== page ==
Using web-technologies students will develop electronic portfolios for their work which is open to each other (peers) for critique and discussion as well as with teachers. These educational portfolios contain the work that a learner has collected, reflected, selected and presented to show growth and change over time, representing an individual or organization’s human capital. The portfolios are not so much an instructional strategy to be researched, but more of a means to an end: to support reflection that can help students understand their own learning and to provide a richer picture of student work that documents growth over time.”

The Governor of Ohio, Ted Strickland has called for something like this in his very impressive set of Conversations on Education which include an appeal to “personalized learning.” People have yet to figure out what that means. As of 2008, there were no plans in place for the State of Ohio to implement electroinc-portfolios that could follow students throughout their careers (and also be used as a solid record should students transfer to another district or out of the State).

Islands of excellence

In a conversation with Mr. Geoff Andrews, Superintendent of the Oberlin City Schools, I talked about the wealth of learning the foundation has gained by funding a diversified portfolio of schools. After listening he said, “Wouldn’t it be great if the foundation could figure out a way to bring all this learning and leverage it in one district somewhere and create an “island of excellence” that could serve as a model. I said, yes it would be great.

Two months later, my esteemed colleague Helen Williams, Education Program Director of The Cleveland Foundation informed me of legislation in the State of Colorado that would create just that. The Innovation Schools Act of 2008

The Innovation Schools Act is intended to improve student outcomes by supporting greater school autonomy and flexibility in academic and operational decision-making. The Act provides a means for schools and districts to gain waivers from state laws and collective bargaining agreements.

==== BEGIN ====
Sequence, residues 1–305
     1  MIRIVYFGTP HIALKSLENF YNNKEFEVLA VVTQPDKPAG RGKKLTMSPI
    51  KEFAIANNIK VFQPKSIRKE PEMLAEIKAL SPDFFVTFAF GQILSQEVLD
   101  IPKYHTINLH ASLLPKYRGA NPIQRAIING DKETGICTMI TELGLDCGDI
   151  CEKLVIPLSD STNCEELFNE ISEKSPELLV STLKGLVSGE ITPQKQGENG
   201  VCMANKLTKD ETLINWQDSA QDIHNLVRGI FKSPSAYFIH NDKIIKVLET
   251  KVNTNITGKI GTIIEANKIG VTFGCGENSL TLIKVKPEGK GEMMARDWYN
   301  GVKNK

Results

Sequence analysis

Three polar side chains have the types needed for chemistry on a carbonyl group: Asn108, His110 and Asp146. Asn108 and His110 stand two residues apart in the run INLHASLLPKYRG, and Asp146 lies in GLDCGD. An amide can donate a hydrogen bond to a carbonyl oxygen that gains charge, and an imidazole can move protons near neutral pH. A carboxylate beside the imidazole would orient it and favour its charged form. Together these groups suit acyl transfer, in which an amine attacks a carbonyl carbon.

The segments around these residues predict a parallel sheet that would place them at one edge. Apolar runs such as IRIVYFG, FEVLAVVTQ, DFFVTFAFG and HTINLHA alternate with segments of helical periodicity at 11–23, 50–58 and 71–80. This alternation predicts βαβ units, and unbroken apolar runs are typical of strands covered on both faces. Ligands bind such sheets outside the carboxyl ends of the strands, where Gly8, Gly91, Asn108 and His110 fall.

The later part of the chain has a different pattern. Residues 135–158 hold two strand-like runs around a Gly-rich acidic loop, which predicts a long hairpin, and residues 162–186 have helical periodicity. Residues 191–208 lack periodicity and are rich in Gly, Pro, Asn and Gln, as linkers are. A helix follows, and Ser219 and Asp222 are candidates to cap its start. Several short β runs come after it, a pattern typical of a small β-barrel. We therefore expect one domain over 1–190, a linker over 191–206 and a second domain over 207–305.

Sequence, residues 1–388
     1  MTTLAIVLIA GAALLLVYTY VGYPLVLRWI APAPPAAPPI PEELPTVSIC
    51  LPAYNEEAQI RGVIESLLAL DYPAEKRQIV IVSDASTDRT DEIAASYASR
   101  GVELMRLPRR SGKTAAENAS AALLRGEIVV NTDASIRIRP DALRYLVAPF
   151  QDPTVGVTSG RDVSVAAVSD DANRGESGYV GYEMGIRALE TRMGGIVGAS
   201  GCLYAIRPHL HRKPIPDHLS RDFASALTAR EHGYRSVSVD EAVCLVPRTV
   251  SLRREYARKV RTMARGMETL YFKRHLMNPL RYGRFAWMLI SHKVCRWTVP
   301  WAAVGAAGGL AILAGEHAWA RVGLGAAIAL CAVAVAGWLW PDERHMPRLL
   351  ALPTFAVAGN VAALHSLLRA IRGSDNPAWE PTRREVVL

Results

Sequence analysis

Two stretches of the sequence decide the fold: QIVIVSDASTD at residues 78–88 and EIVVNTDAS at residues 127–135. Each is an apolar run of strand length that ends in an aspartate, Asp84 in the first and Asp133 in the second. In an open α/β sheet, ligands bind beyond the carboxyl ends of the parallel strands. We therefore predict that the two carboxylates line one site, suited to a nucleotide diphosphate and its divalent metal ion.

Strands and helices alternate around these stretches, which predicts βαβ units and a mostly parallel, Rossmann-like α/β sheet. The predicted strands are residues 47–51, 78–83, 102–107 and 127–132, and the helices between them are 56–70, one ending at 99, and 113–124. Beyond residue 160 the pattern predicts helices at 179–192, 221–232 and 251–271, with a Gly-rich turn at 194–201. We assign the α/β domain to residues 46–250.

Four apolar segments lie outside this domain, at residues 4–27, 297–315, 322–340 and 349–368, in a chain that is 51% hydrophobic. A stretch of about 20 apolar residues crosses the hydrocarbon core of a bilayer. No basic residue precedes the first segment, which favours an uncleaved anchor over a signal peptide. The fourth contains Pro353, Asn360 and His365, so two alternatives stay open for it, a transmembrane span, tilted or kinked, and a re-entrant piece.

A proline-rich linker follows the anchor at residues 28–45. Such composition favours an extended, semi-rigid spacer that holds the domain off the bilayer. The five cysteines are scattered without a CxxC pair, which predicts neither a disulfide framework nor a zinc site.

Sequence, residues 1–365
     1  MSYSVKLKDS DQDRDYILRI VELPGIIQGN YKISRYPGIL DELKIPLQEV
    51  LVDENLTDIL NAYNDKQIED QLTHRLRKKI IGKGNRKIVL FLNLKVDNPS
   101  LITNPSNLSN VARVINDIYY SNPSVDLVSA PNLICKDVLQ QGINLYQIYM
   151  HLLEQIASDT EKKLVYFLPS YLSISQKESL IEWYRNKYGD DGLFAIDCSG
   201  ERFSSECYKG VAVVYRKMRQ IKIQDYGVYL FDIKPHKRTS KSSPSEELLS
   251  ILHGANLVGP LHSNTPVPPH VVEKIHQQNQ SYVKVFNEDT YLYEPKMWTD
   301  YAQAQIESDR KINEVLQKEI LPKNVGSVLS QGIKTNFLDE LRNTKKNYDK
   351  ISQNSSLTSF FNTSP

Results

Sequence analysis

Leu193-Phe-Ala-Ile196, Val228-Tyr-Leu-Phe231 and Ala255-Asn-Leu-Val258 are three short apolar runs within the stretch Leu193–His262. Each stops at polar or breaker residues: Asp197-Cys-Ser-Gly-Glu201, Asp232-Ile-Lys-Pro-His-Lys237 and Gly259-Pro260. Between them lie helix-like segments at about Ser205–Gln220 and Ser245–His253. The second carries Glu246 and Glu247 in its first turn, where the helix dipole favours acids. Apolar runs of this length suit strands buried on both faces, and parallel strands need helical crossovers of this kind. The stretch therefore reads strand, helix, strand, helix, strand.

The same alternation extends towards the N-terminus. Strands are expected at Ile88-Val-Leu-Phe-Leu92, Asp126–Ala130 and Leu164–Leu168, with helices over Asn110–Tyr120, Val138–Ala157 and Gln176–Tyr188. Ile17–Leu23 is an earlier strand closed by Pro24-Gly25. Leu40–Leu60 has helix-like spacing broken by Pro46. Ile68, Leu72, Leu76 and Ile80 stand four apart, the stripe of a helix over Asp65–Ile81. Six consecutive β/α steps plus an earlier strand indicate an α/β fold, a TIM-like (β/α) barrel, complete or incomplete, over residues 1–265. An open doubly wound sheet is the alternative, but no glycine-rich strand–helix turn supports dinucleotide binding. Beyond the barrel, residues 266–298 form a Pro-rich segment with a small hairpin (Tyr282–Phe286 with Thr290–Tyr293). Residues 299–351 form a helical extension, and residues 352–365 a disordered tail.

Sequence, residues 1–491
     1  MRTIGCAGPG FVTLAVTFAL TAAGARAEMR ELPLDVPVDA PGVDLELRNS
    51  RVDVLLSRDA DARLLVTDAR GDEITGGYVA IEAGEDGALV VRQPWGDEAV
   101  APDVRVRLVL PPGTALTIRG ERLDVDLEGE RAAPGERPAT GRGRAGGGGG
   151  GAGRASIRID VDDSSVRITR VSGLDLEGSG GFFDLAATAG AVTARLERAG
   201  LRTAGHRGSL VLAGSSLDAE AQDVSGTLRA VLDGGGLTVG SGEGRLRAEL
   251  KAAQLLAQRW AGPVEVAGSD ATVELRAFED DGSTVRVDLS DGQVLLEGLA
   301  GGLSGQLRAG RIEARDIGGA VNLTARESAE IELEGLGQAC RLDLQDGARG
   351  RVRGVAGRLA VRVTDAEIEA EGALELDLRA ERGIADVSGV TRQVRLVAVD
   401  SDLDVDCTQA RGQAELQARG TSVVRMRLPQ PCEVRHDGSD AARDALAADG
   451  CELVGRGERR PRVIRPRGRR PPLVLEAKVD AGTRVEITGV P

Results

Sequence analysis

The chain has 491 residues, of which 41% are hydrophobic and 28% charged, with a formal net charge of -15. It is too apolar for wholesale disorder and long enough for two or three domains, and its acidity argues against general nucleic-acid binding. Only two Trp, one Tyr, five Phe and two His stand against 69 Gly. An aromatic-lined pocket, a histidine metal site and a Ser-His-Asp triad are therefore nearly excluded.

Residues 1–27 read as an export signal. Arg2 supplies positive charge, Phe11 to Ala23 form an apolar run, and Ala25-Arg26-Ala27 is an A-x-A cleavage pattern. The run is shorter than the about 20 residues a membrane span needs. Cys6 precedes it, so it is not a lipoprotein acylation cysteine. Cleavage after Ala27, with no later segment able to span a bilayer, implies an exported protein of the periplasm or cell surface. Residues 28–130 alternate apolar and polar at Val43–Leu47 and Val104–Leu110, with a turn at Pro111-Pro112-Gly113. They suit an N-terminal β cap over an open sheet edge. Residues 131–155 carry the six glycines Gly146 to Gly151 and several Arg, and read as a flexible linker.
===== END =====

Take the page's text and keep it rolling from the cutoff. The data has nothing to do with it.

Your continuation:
The suggestion could not have come at a better time. It is my hope that philanthropy can suggest the Ohio legislature examine this act and seek advice from experts to do the same in Ohio.

4 thoughts on “Philanthropy – Evaluation of Education grantmaking

  1. Jeff Jaroscak

    I respectfully challenge the thinking underlying creating an “Island of Excellence.” My experience the past five years has revealed one core idea that characterizes all school improvement efforts–the notion that there is one way to improve schools and that replicating the efforts of successful schools is a viable strategy for all schools.

    At the Center, we believe that school improvement can come only from a relentless focus upon, and pursuit of, the desired results.

    The notion that we currently suffer from a plethora of new ideas and a scattergun approach to improvement does not reflect my experience. My experience has been totally different. We don’t have too many ideas, we have many variations of the same idea.

    An ABC News special, entitled The Deep Dive, chronicles a project undertaken by the design firm Ideo. A component of the Deep Dive is “rapid prototyping.” At Ideo they reject the notion that there is one way to solve every problem. By independently developing five to seven rapid prototypes, teams at Ideo have a number of different designs from which to develop the final product.

    I submit that this “rapid prototyping” is what has been lacking in the school improvement effort. Instead, we have replaced it with control, management, and intervention.

  2. John